Isn't a stronger and braver Left the kind of Left that would win? A Left that would make the world a better place?  A Left that you would be proud to be part of?  Isn't it a Left you would donate money to, go to a rally for -- and vote for? Having confidence in our principles is not only right, it is appealing, especially to people who are currently filled with the doubt and fears natural to this current crisis, and need exemplars of political valor to inspire them.

You already have political fortitude in you.  Can you imagine yourself in a debating situation, for example, a local school curriculum fight, standing up for what is right in the face of a conservative injustice?  Can you imagine literally standing up, declaring your opposition, and stating the reasons why? Even with the odds against you or facing disapproval or ridicule?  Maybe right now you don't feel like you could actually do it, or you don't know where or how, or who would join you; those doubts are OK and normal.  But if you can just imagine doing it, even someday if not today, then you already have fortitude in you.  It just needs to be activated and cultivated.  And that is something that we can all help each other do together.  We can all state our beliefs bravely around the office, the dinner table, or online; we can visit and support an Occupy protest; we can call up a political group, party, or candidate and offer to volunteer. 

Your homework for today: practice your own political courage, and encourage someone else to as well.  Really - I mean it! 

* This is not to say the Left is immune to wrong-doing, only that we shouldn't allow the Right wing echo chamber to make political hay out of it. For real violations, keep the discipline internal instead of letting the conservatives magnify it for propaganda advantage; and of course, actual law-breaking should be handled by the justice system.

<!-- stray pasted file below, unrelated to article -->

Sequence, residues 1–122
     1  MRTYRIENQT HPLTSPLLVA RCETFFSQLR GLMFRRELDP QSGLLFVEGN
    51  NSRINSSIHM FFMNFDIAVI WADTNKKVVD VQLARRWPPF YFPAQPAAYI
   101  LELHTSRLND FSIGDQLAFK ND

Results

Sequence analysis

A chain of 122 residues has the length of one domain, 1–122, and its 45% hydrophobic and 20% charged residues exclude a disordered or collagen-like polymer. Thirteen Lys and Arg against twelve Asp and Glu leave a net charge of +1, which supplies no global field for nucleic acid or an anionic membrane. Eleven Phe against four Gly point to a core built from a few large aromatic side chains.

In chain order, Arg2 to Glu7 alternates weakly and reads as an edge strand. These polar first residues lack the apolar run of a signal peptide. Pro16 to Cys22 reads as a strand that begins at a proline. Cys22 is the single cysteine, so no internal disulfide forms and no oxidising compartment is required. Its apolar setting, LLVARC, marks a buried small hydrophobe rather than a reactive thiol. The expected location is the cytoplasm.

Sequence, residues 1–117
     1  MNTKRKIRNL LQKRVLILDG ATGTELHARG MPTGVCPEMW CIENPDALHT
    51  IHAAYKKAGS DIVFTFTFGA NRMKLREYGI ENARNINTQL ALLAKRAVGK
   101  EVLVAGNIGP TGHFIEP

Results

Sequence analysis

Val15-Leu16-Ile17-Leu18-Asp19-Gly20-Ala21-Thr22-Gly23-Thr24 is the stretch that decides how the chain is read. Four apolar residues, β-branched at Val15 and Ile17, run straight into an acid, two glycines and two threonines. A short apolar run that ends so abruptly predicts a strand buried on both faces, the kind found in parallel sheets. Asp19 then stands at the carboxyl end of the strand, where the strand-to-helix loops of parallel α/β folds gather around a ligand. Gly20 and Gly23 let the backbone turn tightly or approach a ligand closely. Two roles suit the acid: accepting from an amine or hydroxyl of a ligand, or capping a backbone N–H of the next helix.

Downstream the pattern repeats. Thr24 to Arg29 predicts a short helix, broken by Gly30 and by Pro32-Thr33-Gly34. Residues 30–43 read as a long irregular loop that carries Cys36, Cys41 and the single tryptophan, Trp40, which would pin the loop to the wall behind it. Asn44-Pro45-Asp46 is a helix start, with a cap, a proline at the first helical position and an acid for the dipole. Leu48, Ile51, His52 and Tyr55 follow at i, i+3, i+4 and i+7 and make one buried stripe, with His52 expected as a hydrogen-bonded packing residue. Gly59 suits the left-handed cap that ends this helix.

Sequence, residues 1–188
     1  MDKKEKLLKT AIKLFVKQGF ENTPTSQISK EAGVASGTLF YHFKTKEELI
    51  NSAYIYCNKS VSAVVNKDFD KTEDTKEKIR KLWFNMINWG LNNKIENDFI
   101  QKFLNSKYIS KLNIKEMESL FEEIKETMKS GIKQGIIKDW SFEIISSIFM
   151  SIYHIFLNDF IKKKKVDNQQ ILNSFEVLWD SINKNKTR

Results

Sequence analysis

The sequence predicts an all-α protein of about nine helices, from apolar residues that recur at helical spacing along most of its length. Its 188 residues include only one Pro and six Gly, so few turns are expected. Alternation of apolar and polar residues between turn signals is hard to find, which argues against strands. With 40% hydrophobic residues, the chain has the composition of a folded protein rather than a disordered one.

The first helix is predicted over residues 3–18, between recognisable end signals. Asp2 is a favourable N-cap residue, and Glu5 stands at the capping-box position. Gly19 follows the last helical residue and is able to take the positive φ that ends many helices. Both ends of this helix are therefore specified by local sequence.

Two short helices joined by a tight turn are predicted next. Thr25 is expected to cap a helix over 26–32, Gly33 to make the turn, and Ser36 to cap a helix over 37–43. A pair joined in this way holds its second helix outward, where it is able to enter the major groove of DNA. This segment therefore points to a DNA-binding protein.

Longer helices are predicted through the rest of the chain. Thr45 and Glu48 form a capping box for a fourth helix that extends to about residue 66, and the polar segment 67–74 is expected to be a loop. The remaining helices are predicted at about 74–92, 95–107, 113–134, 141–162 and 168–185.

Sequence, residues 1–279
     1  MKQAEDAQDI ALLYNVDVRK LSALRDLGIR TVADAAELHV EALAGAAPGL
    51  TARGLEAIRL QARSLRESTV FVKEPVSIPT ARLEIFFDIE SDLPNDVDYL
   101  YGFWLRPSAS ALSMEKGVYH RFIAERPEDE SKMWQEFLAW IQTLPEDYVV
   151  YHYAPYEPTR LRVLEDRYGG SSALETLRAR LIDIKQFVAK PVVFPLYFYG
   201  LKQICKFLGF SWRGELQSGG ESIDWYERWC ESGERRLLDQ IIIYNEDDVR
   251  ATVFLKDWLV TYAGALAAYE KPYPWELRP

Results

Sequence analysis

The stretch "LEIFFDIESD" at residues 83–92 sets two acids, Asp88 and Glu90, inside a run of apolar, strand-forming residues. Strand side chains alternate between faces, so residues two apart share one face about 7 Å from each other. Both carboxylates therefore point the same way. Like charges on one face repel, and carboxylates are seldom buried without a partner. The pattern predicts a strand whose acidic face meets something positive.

1. What a shot in the arm for the beleaguered Left! Finally a straight-forward Manifesto we can all get behind. Thank you Jeff for your insightful and sane commentary. Carmen

  2. Jeff:

    You said, "Imagine the world if the Left stopped thinking in terms of political calculus and always acted from motives of principle. Would we not immediately begin changing the public debate, and within a few years form a unified political front ready to take on all contenders?" I think this is the most important point you have. Specifically, the left needs to change the public debate -- or, what I will call our "everyday discourse."

    What the right is so good at and has generally won -- especially regarding economic policy -- is shaping the political debate. When I think of people like Herman Cain, Rick Perry, and Michelle Bachman, it is easy to see how their ideas are far to the right of the mainstream. But, in ten to twenty years, their opinions will be mainstream -- unless the left stands up and opposes them from the left and not the center.

    Consider a few examples: The ideas of Ronald Reagan have become relatively moderate ideas despite being far to the right of the average American in the 1980s. I would venture to bet that if Reagan were running for the Republican nomination today, he couldn't get it. Because of the political fortitude of the right over the years, however, what was once far to the right is now middle of the road; what was slightly left, is now "socialist."